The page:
The Illinois Workers’ Compensation Act provides coverage for people who are injured in the course and scope of their employment. Benefits may include payments for medical costs and lost wages from missed work due to the job-related injury or illness. When an employee suffers injuries on their lunch break, the employer may try to argue that the injury is not compensable, since it was the employee's personal time. At Katz, Friedman, Eagle, Eisenstein, Johnson & Bareck, our Chicago workers’ compensation lawyers represent employees who have been hurt on their lunch breaks. We understand the nuances of the applicable laws and the full range of benefits for which an employee may be eligible.Employees May Be Entitled to Benefits for Lunch Break Injuries
Under the Illinois Workers’ Compensation Act (IWCA), the legal remedy for workers injured on the job is set forth as weekly compensation, reasonable and necessary medical expenses, and benefits for any disability that arises. Workers’ compensation is an exclusionary remedy, so injured workers may not also pursue personal injury claims against their employer.
When an employee takes personal time, such as a lunch break, complicated legal issues may arise with regard to whether any resulting harm suffered during this break is covered by workers’ compensation benefits. The IWCA provides compensation for employees who are injured in the “course and scope of employment.” Accordingly, the specific facts of each case dictate whether a certain employee will be entitled to compensation after a certain accident.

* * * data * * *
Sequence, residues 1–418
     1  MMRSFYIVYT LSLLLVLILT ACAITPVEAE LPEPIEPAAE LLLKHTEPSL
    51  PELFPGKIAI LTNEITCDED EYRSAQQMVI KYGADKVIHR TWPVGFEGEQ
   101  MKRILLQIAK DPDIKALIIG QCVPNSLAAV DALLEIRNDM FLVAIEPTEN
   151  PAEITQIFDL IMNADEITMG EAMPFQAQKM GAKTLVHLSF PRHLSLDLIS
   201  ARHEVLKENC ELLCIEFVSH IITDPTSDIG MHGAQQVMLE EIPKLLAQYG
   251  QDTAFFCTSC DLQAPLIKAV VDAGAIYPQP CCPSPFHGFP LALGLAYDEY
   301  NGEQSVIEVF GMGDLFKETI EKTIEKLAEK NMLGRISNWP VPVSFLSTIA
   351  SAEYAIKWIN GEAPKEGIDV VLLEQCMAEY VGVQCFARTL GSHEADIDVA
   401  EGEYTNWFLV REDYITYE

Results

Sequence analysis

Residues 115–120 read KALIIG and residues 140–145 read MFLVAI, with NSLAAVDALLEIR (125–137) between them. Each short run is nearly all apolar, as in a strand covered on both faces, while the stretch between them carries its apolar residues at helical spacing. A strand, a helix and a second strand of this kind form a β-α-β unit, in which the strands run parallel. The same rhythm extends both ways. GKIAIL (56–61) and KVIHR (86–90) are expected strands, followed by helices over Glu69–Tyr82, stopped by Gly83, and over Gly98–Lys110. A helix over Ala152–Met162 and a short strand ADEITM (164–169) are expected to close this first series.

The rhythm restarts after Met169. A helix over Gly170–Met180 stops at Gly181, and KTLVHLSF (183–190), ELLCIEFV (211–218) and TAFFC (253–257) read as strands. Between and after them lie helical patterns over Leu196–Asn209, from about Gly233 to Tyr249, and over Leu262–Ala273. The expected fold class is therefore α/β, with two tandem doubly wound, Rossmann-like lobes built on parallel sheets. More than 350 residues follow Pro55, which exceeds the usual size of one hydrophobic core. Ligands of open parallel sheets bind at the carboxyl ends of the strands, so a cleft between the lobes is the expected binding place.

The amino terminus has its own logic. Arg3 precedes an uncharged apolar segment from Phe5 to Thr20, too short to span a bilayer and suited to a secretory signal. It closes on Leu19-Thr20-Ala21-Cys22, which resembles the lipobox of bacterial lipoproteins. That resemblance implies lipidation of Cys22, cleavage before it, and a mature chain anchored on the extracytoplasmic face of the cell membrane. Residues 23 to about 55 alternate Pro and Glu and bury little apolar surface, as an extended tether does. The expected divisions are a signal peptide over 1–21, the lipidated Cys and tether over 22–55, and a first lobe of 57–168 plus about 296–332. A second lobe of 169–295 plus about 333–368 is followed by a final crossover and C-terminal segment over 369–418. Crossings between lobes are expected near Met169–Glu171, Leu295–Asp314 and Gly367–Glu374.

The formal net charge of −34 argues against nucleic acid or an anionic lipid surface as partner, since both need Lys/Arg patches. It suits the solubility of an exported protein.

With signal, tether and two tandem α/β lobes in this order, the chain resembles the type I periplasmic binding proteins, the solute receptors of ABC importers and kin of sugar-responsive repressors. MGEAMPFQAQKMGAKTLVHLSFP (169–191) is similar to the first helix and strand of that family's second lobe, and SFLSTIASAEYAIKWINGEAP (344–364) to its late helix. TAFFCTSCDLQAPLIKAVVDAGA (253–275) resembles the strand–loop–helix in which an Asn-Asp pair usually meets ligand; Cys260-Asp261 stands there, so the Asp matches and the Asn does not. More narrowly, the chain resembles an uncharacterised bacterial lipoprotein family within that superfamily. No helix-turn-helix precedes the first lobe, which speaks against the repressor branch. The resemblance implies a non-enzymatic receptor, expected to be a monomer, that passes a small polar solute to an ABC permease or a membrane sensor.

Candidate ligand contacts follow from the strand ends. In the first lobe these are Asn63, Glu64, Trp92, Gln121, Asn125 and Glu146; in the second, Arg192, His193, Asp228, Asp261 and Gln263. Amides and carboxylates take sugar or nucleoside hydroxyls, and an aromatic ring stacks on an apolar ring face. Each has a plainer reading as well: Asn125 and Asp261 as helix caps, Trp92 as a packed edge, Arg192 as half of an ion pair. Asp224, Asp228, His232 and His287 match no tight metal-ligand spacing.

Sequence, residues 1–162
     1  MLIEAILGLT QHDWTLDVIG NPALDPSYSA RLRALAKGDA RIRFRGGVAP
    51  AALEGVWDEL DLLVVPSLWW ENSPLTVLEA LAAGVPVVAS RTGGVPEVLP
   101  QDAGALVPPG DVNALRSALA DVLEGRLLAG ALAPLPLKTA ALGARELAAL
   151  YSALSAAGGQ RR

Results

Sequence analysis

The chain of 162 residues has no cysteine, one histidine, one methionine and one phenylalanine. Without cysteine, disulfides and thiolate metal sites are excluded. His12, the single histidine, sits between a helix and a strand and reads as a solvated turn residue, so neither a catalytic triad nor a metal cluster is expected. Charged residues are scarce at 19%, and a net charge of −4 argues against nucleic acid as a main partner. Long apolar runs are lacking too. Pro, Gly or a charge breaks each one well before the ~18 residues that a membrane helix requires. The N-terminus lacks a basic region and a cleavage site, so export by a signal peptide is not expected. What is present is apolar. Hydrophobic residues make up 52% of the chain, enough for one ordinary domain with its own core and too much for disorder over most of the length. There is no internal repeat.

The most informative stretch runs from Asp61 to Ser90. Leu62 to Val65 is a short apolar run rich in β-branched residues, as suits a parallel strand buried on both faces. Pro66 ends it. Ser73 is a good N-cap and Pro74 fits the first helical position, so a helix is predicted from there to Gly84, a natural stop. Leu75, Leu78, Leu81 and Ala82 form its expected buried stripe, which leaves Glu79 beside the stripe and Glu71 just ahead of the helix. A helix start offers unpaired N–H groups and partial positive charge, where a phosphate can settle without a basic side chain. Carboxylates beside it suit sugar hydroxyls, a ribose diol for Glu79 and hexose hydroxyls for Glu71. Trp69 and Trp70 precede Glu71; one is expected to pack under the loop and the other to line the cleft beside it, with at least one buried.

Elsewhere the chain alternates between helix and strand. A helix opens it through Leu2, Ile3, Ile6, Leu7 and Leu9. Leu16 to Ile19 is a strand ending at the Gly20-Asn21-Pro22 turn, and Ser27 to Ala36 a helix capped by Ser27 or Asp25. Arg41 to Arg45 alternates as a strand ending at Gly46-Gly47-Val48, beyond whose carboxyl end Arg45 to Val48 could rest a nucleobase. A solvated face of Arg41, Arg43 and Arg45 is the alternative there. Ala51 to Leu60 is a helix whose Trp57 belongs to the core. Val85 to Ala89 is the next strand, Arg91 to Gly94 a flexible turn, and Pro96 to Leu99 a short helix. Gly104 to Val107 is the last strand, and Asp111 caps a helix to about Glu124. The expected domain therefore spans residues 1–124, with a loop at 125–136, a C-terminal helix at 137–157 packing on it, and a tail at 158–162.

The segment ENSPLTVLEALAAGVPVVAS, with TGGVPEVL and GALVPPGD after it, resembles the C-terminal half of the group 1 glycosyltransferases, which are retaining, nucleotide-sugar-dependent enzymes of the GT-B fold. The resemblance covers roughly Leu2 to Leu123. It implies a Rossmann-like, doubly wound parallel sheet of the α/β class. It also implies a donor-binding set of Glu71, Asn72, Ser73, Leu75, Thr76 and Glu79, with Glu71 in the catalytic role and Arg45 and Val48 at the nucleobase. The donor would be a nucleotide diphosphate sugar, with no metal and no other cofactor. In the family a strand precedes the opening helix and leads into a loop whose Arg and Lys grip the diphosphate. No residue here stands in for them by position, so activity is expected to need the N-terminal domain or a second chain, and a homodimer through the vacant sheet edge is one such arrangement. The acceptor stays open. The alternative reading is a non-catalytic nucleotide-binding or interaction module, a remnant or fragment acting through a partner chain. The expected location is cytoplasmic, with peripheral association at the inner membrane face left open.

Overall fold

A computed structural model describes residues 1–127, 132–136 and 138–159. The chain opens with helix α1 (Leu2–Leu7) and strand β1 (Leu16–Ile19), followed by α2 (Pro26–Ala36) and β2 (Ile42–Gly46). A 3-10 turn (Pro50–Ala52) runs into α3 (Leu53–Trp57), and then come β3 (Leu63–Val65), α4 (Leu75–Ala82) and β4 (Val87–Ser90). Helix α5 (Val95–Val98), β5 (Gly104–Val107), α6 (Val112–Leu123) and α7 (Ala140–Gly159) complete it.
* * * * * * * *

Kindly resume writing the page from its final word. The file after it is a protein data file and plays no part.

Some of the main factors that may be considered in determining whether an injury is covered by workers’ compensation include whether the employee was on the employer’s premises at the time of the accident and whether they were performing a work-related task. During a lunch break, employees may remain in a zone of employment, such as a cafeteria. Moreover, even employees who leave the workplace for lunch may be running a work-related errand during this time, and they may suffer injuries that are eligible for workers’ compensation benefits. Another factor that must be considered when assessing eligibility for benefits based on a particular workplace injury is whether travel is part of the employee’s regular duties, such that it should be considered to be part of their job.Contact a Dedicated Workers’ Compensation Lawyer in Chicago or the Surrounding Areas
Consulting an experienced job injury attorney can help you understand your legal rights following a workplace accident. It is common for Illinois job injuries that take place “off the clock” to be improperly denied by workers’ compensation insurance companies, but this does not mean that you should accept this outcome. At Katz, Friedman, Eagle, Eisenstein, Johnson & Bareck, our Chicago workers’ compensation attorneys can assess your unique situation and provide knowledgeable legal advice and representation. We have also assisted injured employees in Springfield, Champaign, Rockford, Aurora, and Quincy, as well as other areas of Sangamon, Champaign, Cook, Kane, Winnebago, and Adams Counties. Contact our office for a free initial consultation online or at (800) 444-1525.